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@Marcus: Damn. But do you agree that it is harder than the Cambridge text? Or did you only have to read it once without slowing down much? I had to think about "bhdeniaeg" for a while because it wasn't what I expected; it took me a long time to get "agutohlh", because of the preceding semicolon; and it took me several reads to get "preuecsted" because I had already dismissed "prosecuted" subconsciously and was looking for entirely different combinations. How much longer do you think this took you? For me, at least 3 times as long as the original, possibly longer. –  Cerberus Jan 13 '11 at 17:34
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4 Answers 4

up vote 18 down vote accepted

Sort of, but not exactly. In addition to the languagehat post, here are the actual facts "according to a researcher at a Cambridge University". (That page is itself a summary of actual research on related matters; my summary will be inadequate.)

While it is true that (most) people don't read words letter-by-letter, and we can cope with some amount of jumbling, this happens through word shape and disrupting the order of letters can significantly affect the word shape. That is, it is not true that "The rset can be a toatl mses and you can sitll raed it wouthit porbelm". Rather, there are several properties of your paragraph that make it readable:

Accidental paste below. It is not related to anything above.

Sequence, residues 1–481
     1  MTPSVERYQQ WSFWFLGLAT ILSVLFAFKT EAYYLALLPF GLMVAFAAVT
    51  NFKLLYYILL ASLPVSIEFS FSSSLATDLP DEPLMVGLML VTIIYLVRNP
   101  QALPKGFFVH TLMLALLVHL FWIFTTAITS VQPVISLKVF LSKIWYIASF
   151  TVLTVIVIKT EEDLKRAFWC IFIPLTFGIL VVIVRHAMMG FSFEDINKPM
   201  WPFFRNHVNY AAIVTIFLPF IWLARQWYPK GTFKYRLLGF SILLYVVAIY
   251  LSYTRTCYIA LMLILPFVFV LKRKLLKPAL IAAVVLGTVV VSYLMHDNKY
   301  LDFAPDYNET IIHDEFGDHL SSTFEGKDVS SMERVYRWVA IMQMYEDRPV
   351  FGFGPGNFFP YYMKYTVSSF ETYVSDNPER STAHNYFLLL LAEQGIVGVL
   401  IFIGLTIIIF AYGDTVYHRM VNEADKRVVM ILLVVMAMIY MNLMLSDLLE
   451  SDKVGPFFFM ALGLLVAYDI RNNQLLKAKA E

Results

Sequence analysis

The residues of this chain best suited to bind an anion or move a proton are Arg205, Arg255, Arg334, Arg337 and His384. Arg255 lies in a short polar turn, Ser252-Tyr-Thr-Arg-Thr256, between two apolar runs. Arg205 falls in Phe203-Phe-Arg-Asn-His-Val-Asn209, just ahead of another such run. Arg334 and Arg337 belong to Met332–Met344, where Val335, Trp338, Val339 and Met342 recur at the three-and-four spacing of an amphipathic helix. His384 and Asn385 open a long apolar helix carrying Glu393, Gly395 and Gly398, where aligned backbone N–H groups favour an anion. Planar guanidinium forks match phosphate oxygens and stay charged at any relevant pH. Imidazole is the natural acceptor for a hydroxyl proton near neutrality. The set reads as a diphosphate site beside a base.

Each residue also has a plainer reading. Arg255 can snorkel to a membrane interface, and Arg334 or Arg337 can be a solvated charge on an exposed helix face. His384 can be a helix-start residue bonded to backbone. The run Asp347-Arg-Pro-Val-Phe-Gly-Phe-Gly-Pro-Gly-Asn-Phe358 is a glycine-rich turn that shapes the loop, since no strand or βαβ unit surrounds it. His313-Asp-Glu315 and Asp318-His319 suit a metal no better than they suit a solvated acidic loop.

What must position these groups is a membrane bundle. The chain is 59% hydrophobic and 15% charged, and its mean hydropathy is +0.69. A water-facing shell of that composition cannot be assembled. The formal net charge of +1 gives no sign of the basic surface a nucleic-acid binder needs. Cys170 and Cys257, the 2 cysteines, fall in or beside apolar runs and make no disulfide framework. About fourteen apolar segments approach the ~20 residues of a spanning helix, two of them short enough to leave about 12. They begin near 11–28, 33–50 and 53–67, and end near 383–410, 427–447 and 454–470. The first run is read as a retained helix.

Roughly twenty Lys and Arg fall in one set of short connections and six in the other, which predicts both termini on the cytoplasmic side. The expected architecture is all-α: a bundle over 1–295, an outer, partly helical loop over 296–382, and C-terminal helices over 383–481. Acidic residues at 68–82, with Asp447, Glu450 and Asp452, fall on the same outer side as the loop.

• In most of the words, the letters are only slightly transposed, not jumbled beyond recognition. For instance, "doesn't" is made "deosn't" rather than "dn'oset", "problem" is made "porbelm" rather than "pebrolm". If you try generating actually random transformations of the paragraph, you'll find it a bit harder to read.
  • 33 of the 67 words are 1-, 2- or 3-letter words that are in exactly the right order, and another 12 are 4-letter words in which only a transposition is possible. The short words tend to be the function words so essential to meaning; paragraphs consisting of predominantly longer words would appear harder to understand.
  • It is written in lowercase; if it were written in uppercase a lot more of the word shape would be lost. (This is also why uppercase is harder to read in general: all word shapes are rectangles.)

The page considers the sentence "The sprehas had ponits and patles". How would you read this?

The sherpas had pitons and plates.
The shapers had points and pleats.
The seraphs had pintos and petals.
The sphaers had pinots and palets.
The sphears had potins and peltas.

And many more.

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I think it also matters a great deal what the paragraph is about and how it is written: a familiar subject and simple language also help a lot. –  Cerberus Jan 14 '11 at 15:59